Beta 1 of Visual Studio is now available on MSDN. (If you have the appropriate MSDN subscription). Here is a complete set of screenshots, outlining the installation experience.
Note: I installed VS 2010 Beta 1 on a clean virtual machine running Windows 7 Build 7100 (RC).
We start with the familiar install startup menu:
Then we get a banner page, as things start up.
Next, we get a license page, as well as an overview of what is going to be installed. The key components are:
- VC 9.0 and 10.0 runtime libraries
- .NET Framework 4 Beta 1 (more info)
- Help 3.0 Beta 1 (more info)
- Visual Studio Macro Tools
- Visual Studio 2010 Professional Beta 1 (more info)
Next up is an options page:
Now the actual installation begins and we can see a more complete list of all the components that will be installed. For completeness, here’s the full list:
- VC 9.0 Runtime
- VC 10.0 Runtime
- Microsoft .NET Framework 4 Beta 1
- Microsoft Help 3.0 Beta 1
- Microsoft Visual Studio Macro Tools
- Microsoft Visual Studio 2010 Professional Beta 1
- Microsoft Web Deployment Tool
- Visual Studio Tools for the Office System 4.0 Runtime
- Microsoft Office Development Tools for Visual Studio 2010
- Dotfuscator Software Services – Community Edition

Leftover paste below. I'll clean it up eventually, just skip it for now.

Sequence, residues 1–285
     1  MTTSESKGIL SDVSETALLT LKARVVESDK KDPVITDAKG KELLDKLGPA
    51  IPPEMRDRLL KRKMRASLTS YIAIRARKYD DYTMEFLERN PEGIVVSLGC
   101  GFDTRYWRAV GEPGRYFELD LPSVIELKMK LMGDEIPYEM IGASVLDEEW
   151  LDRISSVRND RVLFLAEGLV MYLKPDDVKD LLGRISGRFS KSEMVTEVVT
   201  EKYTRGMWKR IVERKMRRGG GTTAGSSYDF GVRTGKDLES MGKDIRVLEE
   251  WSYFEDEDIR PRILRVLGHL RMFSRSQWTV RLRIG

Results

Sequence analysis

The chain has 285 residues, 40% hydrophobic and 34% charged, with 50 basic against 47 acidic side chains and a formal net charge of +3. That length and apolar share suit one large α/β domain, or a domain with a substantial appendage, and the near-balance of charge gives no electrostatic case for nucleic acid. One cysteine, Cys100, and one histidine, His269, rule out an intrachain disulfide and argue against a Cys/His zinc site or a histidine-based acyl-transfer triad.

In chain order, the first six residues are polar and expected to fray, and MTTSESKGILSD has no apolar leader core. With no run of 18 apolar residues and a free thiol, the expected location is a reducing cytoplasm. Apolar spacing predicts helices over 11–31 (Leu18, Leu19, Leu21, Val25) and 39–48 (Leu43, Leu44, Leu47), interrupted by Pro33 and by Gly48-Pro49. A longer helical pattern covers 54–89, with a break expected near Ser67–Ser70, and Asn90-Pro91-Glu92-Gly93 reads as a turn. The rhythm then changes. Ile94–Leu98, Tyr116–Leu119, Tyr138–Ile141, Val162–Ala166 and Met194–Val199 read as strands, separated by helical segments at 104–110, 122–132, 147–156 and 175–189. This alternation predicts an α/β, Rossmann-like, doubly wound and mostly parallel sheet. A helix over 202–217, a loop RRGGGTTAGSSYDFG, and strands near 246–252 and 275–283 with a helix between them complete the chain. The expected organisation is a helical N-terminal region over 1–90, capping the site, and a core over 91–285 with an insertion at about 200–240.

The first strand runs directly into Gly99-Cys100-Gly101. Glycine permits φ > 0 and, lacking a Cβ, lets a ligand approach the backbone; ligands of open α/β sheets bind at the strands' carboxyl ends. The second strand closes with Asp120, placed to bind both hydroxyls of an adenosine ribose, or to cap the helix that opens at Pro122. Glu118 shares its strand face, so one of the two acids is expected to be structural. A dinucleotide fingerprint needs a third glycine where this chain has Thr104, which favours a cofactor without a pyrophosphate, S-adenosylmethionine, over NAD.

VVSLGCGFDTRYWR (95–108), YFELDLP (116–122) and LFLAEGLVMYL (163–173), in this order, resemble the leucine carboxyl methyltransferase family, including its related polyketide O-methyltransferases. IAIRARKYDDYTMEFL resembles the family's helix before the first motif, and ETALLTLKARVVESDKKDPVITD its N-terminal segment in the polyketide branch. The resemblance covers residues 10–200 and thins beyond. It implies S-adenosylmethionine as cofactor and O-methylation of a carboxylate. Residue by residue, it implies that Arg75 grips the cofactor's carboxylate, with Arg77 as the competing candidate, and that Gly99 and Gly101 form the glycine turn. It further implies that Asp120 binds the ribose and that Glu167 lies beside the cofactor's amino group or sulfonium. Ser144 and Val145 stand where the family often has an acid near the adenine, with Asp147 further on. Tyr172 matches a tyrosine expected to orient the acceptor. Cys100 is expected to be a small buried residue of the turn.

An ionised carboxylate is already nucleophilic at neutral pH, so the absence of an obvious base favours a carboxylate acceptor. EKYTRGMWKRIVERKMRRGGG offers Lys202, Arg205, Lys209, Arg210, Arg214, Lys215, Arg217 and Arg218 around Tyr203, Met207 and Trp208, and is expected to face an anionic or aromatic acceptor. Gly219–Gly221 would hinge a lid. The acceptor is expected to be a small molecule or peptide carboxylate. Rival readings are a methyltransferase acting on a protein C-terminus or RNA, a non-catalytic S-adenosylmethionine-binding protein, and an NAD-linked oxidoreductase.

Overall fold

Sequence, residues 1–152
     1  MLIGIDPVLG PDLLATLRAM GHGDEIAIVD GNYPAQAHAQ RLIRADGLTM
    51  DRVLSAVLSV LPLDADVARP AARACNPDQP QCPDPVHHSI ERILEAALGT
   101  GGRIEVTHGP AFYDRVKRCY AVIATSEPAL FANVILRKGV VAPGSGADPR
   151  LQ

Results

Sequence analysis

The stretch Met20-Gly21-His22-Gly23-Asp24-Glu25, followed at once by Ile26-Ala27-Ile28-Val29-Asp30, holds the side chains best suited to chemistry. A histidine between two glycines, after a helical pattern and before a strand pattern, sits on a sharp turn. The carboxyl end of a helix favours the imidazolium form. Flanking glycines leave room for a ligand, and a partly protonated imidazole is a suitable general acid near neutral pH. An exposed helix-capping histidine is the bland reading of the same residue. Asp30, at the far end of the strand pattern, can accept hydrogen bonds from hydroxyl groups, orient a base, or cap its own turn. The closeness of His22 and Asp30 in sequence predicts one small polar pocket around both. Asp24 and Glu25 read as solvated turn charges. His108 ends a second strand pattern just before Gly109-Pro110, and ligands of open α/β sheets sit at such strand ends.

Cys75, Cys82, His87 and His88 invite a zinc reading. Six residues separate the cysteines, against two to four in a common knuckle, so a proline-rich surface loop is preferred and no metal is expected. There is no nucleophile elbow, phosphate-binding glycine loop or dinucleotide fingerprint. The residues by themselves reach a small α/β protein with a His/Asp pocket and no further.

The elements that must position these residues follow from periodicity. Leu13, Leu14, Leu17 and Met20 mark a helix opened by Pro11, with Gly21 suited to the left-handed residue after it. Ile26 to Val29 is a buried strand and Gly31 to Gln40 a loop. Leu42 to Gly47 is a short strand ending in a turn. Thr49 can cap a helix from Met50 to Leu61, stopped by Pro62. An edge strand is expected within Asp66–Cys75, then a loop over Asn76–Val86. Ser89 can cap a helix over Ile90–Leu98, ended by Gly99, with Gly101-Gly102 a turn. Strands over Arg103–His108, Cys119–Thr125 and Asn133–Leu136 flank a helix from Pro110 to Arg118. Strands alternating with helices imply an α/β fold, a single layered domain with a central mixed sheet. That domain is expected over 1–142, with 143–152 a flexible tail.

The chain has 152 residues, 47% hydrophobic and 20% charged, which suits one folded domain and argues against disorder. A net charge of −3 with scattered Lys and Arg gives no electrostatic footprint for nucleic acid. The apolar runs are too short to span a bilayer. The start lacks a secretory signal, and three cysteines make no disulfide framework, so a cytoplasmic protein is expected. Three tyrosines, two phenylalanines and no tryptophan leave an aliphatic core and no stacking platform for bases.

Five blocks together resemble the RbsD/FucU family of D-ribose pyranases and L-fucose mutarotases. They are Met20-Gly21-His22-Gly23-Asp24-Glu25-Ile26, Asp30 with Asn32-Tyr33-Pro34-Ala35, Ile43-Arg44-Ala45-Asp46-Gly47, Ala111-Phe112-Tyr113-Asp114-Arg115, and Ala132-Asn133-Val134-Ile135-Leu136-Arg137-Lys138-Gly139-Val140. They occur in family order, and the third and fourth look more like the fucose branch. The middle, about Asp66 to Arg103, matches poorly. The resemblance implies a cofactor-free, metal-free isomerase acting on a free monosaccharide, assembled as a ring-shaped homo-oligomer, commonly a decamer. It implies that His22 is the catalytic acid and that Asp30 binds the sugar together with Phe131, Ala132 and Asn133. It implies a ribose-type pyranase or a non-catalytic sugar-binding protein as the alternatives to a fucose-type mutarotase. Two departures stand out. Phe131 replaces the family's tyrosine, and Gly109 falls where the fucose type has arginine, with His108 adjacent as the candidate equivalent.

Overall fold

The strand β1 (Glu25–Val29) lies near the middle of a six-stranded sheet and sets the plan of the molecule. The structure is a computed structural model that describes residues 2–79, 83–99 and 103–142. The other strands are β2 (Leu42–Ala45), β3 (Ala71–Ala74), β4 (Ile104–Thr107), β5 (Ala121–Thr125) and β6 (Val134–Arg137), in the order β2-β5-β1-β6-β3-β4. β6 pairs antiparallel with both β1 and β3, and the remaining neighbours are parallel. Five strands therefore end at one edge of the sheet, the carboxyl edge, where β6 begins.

- Microsoft SQL Server Compact 3.5 SP1
- SQL Server Compact Tools for Visual Studio 2010 Beta 1
- Microsoft Sync Framework Runtime v1.0
- Microsoft Sync Services for ADO.NET v2.0
- Microsoft Sync Framework Services v1.0
- Microsoft Sync Framework SDK v1.0
- Microsoft SQL Publishing Wizard 1.4
- SQL Server System CLR Types
- Shared Management Objects
- Microsoft SQL Server 2008 Express Edition
Wow. This is going to take a while.
You’ll have to reboot after the .NET Framework 4 installation.
Go get a cup of coffee while the remaining components install..
You’ll get a warning dialog, indicating that SQL Server 2008 has compatibility issues on Windows 7 and suggesting that you install SP1.
I just clicked the Run Program button and proceeded with the install. A little bit later, I got a second compatibility warning dialog, also mentioning SQL Server 2008. An external DOS window was also spawned, running a setup.exe command.
Finally, everything finishes up and we’re done!
After the install completes, we get the main autorun window again and the link for checking for service releases is now active.
If you click the Check for Service Releases link, you’ll be redirected to an update web page, which in turn allows firing up the Windows Update applet. When I tried this (29 Jun 2009), no updates were found.
Finally, we bring up Visual Studio 2010 for the first time.
As with earlier versions, when you start Visual Studio for the first time, you’re asked to choose a language, which dictates how the environment is set up. I’m a C# guy.
When things finally start up, we see the new Start Page for the first time.
The New Project dialog also gets a fresh look.
Finally, we create an empty WPF Application.